Accommodating alternative transportation is more than just painting a couple of special spaces or setting out a stack of bus schedules. Whether your company's plans are prompted by the possibility of LEED points or a near-capacity parking structure, the central point is the same – offer commuters more choices.
The freedom to choose a different way to travel is inherently good for the environment, and it also offers soft benefits for employers and employees. "If people are stuck in traffic for an hour to get to work, they're not necessarily arriving at work in the best mental state," says Ted Bardacke, a senior program associate for Global Green USA, current member of the LEED Technical and LEED-ND Core committees, and former chair of LEED's Location and Planning technical advisory group. "Maybe the idea of choice is that you don't have to face that every day."
If you've been charged with exploring alternative transportation strategies, don't get overwhelmed by the staggering number of options – the right decisions for your facility are just a few questions away.
Understand Local Regulations and Resources
Start off on the right foot by understanding your unique situation. Some cities have zoning regulations requiring you to maintain a certain amount of parking, so it's important to understand what the legal landscape looks like before you jump into an alternative transportation plan.
You may also find support and planning help from regional transit agencies, Bardacke explains.
"The people who coordinate regional public transit would like to get more riders, and if they can capture a whole company's worth of riders, that's very cost-effective for them," he says. "Many transit agencies have account managers for companies or corporate ride programs."
Locations with a high level of air pollution, such as southern California and Houston, may offer alternative transportation assistance through a local or regional air quality management agency as part of their efforts to reduce smog, Bardacke adds. Understand your area's regulations and resources to develop a clearer picture of what's possible.
Narrow Your Focus
Assess your facility's situation in depth to determine what's most feasible to implement, taking into account the outside forces affecting the area where your facility is located. Start by finding out how employees currently get to work. Other considerations include:
- Is your facility in an urban, suburban, or rural area?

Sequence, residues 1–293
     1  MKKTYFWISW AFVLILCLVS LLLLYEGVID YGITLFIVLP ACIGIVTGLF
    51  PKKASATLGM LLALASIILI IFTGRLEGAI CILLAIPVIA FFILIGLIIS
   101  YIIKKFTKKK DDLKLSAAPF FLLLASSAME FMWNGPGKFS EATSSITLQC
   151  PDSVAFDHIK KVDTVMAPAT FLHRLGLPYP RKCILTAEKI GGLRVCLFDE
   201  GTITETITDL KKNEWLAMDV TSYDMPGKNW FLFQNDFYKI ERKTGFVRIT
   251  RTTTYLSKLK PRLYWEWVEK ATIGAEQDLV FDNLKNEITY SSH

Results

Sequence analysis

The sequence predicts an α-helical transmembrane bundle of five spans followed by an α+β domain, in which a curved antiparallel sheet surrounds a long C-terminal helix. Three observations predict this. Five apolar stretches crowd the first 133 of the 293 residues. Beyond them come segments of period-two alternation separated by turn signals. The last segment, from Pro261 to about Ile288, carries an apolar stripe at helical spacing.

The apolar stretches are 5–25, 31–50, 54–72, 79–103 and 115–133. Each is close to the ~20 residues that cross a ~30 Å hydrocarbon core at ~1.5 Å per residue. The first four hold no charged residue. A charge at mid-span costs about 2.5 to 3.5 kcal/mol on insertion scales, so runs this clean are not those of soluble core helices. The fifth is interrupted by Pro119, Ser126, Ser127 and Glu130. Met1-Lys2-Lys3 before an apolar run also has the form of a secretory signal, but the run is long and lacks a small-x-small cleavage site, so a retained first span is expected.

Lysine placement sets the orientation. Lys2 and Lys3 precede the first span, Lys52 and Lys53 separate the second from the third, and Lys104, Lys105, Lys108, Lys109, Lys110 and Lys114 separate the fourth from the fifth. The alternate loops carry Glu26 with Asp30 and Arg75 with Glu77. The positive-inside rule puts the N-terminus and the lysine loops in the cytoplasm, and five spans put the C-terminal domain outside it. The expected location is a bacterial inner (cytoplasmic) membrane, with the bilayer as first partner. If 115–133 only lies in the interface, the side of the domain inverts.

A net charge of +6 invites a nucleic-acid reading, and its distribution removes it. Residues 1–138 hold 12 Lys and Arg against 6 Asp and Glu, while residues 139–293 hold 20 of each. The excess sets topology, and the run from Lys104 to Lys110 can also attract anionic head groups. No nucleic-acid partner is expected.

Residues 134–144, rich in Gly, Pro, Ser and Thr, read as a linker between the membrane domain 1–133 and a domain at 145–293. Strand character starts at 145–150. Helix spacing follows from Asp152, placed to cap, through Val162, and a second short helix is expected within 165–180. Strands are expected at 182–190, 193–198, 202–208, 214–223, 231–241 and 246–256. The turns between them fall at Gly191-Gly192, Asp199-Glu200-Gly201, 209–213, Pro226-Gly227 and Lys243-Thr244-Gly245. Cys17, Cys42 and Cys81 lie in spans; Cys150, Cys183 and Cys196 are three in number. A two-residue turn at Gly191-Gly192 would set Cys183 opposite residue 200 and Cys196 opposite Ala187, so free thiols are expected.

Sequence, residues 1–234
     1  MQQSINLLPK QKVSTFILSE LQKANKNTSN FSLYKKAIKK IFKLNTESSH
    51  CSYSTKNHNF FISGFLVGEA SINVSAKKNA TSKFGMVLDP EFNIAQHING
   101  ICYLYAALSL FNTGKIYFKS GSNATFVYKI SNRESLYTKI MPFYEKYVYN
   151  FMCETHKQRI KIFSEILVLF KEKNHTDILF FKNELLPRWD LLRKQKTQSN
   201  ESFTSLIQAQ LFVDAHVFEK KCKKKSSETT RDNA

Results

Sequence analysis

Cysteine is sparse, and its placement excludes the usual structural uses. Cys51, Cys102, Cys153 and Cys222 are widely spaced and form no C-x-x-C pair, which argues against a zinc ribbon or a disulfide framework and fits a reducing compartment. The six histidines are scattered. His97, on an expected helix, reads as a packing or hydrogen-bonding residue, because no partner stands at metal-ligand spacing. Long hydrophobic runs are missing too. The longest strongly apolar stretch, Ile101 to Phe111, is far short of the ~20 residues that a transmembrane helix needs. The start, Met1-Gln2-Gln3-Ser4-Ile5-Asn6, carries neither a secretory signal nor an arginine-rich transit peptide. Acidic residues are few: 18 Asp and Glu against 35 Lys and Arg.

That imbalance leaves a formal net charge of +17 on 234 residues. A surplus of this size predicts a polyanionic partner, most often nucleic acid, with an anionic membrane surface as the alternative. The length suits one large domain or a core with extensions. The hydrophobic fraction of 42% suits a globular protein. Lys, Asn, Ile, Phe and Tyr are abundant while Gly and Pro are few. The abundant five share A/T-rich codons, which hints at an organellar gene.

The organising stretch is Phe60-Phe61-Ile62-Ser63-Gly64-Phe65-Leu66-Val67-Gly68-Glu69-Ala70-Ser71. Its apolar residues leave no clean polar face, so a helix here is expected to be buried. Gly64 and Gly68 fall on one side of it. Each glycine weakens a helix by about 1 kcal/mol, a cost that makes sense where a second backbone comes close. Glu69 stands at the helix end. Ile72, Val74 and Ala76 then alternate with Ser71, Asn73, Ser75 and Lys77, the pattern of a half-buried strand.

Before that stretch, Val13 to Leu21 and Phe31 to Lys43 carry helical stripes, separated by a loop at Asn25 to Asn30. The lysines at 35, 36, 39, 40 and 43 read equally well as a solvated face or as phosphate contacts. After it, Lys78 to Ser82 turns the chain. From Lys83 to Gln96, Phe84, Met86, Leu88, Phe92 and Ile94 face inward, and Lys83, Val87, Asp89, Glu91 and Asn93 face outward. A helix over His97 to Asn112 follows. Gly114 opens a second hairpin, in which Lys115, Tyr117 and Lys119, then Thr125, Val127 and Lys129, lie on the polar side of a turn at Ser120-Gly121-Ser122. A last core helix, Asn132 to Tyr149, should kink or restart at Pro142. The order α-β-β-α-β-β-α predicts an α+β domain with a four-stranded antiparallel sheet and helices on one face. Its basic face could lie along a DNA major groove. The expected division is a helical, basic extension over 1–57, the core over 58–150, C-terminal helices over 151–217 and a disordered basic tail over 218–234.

- Do you own or rent your building(s)?
- How close are you to public transit stops?
- What is your current parking solution?
- What other businesses are located close to yours?
- Where do your employees commute from?
- Are there any local laws requiring companies of your size to institute a commute trip reduction plan?
- What options do your building's employees ask for?
Location and local infrastructure will play the biggest roles in narrowing down your options, says Todd Litman, executive director of the Victoria Transport Policy Institute (VTPI) in Victoria, BC. This independent research organization hosts a comprehensive transportation demand management (TDM) encyclopedia at www.vtpi.org packed with studies on every aspect of alternative transportation.
"In cities, they'll shift to walking and public transit," Litman says. "In rural and suburban areas, more of them shift to bicycling and carpooling. The amount of driving reduced is often the same, it's just that the shift goes to different modes."
Use your informal assessment to anticipate the likely direction of this shift, based on local resources and other factors. Next, determine which forms of transportation employees will support and what it would take for them to give up traveling to work in single-occupancy vehicles. This should give you an idea of which strategies are worth investing in and what (if any) incentives would help make the case.
Once you've narrowed your focus to a few potential projects, you can start running the numbers to determine which are the most feasible. When making these preliminary plans, remember that demand may change as employees come and go, so keep your plans dynamic.